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The agency taking B Corp seriously with chief happiness and sustainability officers

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By Sam Anderson | Editor, The Drum Network

October 4, 2022 | 8 min read

The ‘triple bottom line’ of people, profit and planet is being taken on by more businesses in every sector. We sat down with two leaders from digital agency Kyan, which has restructured its C-suite to reflect that bottom line.

A sheet of unpeeled smiley face stickers

What do a chief happiness officer and a chief sustainability officer do at a medium-sized digital agency? / Nick Fewings via Unsplash

Becoming a B Corp reflects a company’s commitments to a ‘triple bottom line’: a fundamental pledge to organize around a triumvirate of priorities – people, profit and planet. A number of agencies have by now taken the B Corp plunge. When they do, they often describe the process as “rigorous” and “demanding.”

One agency has gone further than most, recasting its leadership structure in the image of the triple bottom line. Surrey-based tech agency Kyan, a certified B Corp, has three founders who, since earlier this year, have each taken a brief that reflects one-third of that bottom line: Piers Palmer is chief happiness officer (that’s people); Laurent Maguire is chief executive officer (profit); and Gavin Shinfield is chief sustainability officer (planet). We know by now what a chief executive officer does – but what about a chief happiness officer and a chief sustainability officer? The Drum met with Shinfield and Palmer to find out.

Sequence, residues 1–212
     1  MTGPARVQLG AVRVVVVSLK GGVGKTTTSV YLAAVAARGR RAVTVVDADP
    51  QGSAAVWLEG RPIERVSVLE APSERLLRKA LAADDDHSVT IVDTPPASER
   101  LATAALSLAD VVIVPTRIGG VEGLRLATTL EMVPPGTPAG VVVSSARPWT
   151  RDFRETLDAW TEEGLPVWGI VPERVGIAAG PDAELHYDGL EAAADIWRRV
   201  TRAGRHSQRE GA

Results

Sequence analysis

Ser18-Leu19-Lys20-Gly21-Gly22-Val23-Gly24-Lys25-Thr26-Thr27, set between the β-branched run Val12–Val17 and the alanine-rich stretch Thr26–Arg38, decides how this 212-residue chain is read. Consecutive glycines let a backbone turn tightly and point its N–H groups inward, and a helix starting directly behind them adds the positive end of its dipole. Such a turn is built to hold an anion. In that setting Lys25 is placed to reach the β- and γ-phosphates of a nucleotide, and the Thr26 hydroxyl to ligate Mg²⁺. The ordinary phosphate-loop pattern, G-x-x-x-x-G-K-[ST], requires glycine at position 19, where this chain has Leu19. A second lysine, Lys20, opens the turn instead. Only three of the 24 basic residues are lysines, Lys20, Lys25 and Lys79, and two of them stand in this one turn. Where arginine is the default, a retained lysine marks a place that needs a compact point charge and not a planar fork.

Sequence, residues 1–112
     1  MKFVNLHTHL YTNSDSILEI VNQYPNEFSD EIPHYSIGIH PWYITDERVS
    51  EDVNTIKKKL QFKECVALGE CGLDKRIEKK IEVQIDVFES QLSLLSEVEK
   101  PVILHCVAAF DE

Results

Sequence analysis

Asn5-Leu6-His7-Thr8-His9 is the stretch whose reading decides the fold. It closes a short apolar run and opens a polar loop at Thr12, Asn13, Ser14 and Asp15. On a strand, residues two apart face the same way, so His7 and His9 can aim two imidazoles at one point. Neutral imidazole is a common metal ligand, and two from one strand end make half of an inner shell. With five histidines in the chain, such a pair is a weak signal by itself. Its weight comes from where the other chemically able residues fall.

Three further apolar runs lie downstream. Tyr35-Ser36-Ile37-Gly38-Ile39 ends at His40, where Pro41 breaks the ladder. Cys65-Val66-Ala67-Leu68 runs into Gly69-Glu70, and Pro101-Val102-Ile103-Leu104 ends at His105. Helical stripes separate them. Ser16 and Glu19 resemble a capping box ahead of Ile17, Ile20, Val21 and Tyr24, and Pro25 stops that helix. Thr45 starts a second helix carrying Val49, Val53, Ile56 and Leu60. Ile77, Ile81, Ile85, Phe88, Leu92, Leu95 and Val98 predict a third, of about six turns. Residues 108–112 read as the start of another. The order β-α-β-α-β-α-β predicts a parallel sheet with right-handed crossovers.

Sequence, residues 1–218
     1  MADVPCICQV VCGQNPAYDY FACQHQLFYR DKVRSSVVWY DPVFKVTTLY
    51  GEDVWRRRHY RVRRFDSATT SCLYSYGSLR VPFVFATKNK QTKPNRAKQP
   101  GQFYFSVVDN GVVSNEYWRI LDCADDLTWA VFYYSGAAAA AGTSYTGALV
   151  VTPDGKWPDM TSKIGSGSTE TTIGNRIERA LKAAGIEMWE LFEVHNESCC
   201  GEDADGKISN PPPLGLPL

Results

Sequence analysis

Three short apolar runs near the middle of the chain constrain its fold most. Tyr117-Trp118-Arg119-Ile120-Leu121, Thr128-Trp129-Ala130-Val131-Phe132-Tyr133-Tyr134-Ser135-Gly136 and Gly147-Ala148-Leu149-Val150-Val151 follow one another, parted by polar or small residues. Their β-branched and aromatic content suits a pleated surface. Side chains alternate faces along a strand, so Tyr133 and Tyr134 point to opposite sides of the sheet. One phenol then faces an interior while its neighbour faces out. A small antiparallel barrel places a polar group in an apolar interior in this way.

The chief happiness officer

Chief happiness officer isn’t a brand-new job title – it’s one of the few role names with its own profile in The Guardian, after one of London’s oldest law firms said it might hire one of its own.

You’ll find roles with similar names in Silicon Valley and elsewhere, but not in many mid-size agencies clocking in at around 70 people.

Kyan has a head of people, Katie Buckley, and a chief operations officer, Rebecca Brennan, so it is not a simple reskinning of a top HR or opps job. For Palmer, his job title starts out as a signal: that “as an agency, we take being happy seriously,” with “dedicated bandwidth to driving that side of the business.”

Why? “It’s the right thing to do. When it comes down to it, we spend so much time at work, we should all be enjoying our work.” But also because “a happy team is a successful team,” with benefits that redound to the business in its ability to attract and retain workers, and get good work out of them.

Working in the tech space, Palmer says that a clear and vocal focus on employee happiness is a powerful tool in the arsenal of smaller employers that will struggle to compete with big tech on salary and benefits. What they can offer is “a really positive, supportive culture,” organized around the idea of happiness and tackling the sources of unhappiness they might find elsewhere – lengthy approval processes, inflexible working policies and work demands that prevent people from pursuing their true patterns.